The HP Envy x2 joins a growing cohort of Surface Pro clones, but with one big difference: Inside it is a Snapdragon 835, offering battery life of up to 20 hours. We spent a little time with it at the Qualcomm Technology Forum to see what a new chip would do in an established category.
Externally, HP’s Envy x2 changes another key thing about HP’s line of Windows tablets: it removes the kickstand from the tablet itself and puts it inside the keyboard case. Normally, that’s a risky decision: Samsung’s Galaxy Book is an otherwise excellent Windows tablet, but its keyboard case doesn’t allow the flexibility of a true kickstand.
Between the Asus NovaGo ultrabook (also introduced Tuesday with a Snapdragon 835 and the Envy x2, the Envy x2 is clearly the more eye-catching design. We know a bit about it: Kevin Frost, HP’s vice president and general manager of Consumer Personal Systems, said it would include 4 GB of RAM and 128 GB of storage, as well as the 2.2GHz Qualcomm Snapdragon inside of it. It will ship in the first quarter of 2018 for an undisclosed price.
That kickstand, though, intrigues me. HP’s 12.3-inch display contains a 1920x1200 display, connected to a detachable Surface-like keyboard cover with an additional folding hinge. Normally, that hinge is included as part of the tablet. Here, it’s part of the cover, and removing it leaves you with sort of a giant floppy folding sheet of pleather and a silvery tablet without any way of propping it up. That’s a gutsy design call, and time will tell whether it’s the right one.
The Envy x2 endorses the USB-C connector, though there’s only one, tucked low on the left-hand side and used for charging and I/O. Unfortunately, it lacks Thunderbolt capabilities.
The only other way to tell that this is something a bit different is the SIM card slot on the right-hand side of the tablet—indicative that HP included Qualcomm’s gigabit modem inside, and probably a foreshadowing of similar SIM card slots to come.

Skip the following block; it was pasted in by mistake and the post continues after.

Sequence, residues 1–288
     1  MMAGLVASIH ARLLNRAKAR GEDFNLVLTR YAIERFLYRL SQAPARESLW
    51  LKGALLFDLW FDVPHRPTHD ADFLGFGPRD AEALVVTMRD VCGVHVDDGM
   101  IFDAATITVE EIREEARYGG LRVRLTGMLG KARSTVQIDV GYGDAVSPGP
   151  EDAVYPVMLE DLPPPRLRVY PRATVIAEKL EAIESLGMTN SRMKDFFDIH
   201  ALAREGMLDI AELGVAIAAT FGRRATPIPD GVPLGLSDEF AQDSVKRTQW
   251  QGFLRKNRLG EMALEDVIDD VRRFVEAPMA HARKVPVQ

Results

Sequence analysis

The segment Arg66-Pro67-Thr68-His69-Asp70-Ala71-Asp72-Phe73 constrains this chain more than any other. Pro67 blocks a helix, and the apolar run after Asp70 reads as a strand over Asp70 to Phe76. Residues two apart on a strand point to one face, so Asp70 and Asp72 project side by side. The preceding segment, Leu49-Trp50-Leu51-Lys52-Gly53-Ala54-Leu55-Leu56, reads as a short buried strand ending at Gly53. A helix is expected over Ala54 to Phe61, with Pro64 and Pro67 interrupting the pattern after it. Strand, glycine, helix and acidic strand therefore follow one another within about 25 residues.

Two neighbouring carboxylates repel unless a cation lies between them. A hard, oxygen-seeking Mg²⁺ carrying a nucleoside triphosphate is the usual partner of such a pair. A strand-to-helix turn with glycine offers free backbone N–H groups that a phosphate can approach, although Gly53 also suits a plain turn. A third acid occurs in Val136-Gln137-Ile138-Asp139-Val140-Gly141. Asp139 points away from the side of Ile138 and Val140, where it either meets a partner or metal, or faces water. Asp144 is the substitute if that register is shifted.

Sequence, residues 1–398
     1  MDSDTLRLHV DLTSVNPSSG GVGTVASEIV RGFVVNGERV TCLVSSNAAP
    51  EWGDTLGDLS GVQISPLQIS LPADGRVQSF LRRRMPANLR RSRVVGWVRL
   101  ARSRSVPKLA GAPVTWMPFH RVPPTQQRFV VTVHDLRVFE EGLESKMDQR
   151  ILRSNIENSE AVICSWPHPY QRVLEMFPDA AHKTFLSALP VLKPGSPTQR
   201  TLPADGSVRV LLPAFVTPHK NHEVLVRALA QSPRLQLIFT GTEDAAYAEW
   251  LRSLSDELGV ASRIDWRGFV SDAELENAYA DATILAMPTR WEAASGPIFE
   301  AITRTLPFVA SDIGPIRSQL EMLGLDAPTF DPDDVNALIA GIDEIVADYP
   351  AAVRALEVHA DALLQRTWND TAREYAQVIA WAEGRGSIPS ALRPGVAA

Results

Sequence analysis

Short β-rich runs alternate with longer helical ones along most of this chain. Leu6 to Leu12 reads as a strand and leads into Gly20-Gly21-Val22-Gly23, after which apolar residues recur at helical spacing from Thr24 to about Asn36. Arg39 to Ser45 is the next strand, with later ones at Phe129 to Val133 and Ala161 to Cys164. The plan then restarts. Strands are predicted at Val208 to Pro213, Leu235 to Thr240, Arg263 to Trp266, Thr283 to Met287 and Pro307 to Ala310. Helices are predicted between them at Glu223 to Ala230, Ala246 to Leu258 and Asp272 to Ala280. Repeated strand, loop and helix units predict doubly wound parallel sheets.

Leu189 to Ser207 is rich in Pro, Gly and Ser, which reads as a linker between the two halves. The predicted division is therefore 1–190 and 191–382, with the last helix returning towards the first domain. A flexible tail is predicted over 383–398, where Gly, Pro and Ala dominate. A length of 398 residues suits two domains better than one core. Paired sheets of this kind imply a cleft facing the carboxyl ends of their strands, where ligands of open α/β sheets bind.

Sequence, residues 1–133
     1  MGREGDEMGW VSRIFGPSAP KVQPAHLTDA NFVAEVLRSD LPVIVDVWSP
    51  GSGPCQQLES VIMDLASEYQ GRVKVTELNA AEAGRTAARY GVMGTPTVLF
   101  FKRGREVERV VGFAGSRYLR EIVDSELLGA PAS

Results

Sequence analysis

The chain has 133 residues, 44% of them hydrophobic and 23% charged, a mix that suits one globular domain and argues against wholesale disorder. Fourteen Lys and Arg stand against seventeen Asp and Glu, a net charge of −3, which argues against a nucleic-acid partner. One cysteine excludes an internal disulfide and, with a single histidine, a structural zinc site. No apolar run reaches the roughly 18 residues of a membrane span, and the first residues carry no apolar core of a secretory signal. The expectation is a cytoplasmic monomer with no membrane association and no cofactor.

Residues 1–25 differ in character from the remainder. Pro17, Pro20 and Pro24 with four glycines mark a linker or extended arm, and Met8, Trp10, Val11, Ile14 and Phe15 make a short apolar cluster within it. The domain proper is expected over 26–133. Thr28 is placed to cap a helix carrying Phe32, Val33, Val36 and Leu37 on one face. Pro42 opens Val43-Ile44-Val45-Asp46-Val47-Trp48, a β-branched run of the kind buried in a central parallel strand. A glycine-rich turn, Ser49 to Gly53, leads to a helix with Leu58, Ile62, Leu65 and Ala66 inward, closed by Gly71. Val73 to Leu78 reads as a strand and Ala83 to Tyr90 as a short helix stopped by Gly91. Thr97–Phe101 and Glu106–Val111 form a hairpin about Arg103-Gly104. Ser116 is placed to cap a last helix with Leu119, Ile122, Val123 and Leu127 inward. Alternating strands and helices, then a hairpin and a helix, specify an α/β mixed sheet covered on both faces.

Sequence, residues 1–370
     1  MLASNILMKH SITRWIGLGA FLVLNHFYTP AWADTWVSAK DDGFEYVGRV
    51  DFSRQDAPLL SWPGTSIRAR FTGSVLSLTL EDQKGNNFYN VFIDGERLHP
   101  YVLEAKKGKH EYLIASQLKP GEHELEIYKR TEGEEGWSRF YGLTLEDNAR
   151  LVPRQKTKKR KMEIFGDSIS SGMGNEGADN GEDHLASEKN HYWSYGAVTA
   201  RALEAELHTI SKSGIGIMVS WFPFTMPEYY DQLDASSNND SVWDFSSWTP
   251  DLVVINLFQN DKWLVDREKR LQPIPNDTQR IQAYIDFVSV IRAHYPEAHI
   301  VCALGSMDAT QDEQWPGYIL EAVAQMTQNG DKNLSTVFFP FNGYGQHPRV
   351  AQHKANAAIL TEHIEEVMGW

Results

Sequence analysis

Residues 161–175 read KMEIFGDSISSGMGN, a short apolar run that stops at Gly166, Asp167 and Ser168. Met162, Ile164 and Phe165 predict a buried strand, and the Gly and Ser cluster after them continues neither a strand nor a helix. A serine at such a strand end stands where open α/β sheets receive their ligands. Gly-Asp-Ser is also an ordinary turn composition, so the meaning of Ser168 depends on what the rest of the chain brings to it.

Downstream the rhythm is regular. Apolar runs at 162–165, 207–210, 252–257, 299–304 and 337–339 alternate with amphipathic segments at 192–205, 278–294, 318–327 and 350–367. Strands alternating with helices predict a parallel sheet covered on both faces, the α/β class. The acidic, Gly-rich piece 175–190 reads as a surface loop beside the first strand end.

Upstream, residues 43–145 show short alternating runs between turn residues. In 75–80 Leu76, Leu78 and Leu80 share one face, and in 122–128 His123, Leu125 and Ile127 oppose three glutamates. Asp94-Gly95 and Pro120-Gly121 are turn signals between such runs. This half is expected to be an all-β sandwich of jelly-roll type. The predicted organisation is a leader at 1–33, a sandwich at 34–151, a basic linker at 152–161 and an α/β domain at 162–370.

Buy it for the battery, whatever it may be
Battery life will be the selling point, though, even if it’s still not quite clear what it is.
If you read the fine print under Frost’s presentation on Tuesday, it revealed an interesting configuration: in addition to 8GB of storage—the Envy x2 has 4GB —the 22-hour battery life claim was predicated on an anemic 150 nits of brightness. That’s substantially less than the 250-260 nits's brightness that PCWorld considers a typical setting for indoor use. It’s certainly possible that (surprise!) manufacturers could be playing a bit of hanky-panky with battery-life numbers. We simply won’t know until we have a chance to put the Envy x2 through its paces.
Both the HP Envy x2 and Asus NovaGo run Windows 10 S, the version of Windows 10 that restricts users to Windows Store apps. You’ll have a free opportunity to upgrade to Windows 10 Pro, though that will offer up a new wrinkle: Qualcomm’s Snapdragon chips run traditional, non-UWP apps via emulation, and performance will suffer somewhat--though again, we don't know how much. In a presentation at Qualcomm's event, Microsoft did say apps are emulated, and code is stored locally so to help improve performance the second time around.
Probably the most commonly used non-UWP app is the browser, which means that choosing Microsoft Edge—a UWP app—over a browser like Chrome may have a significant effect on your laptop’s performance. Pat Moorhead, an independent analyst, said a Qualcomm-powered device he was able to test for a few days delivered performance that was better than expected. When I upgraded an Asus NovaGo to Windows 10 Pro and then ran Chrome, however, webpages took about twice as long to load on Chrome versus Edge.
As I said in my hands-on with the Asus NovaGo, it’s simply too early to tell what long-term performance will be like with the Envy x2 or other Snapdragon-powered devices. Qualcomm executives would like us to skip canned benchmarks entirely in favor of more “experiential” metrics. We’ll take that advice with a grain of salt, but they’re right that living with a device like the HP Envy x2 will be a different experience than it would be for a typical PC. We’re eager to find out.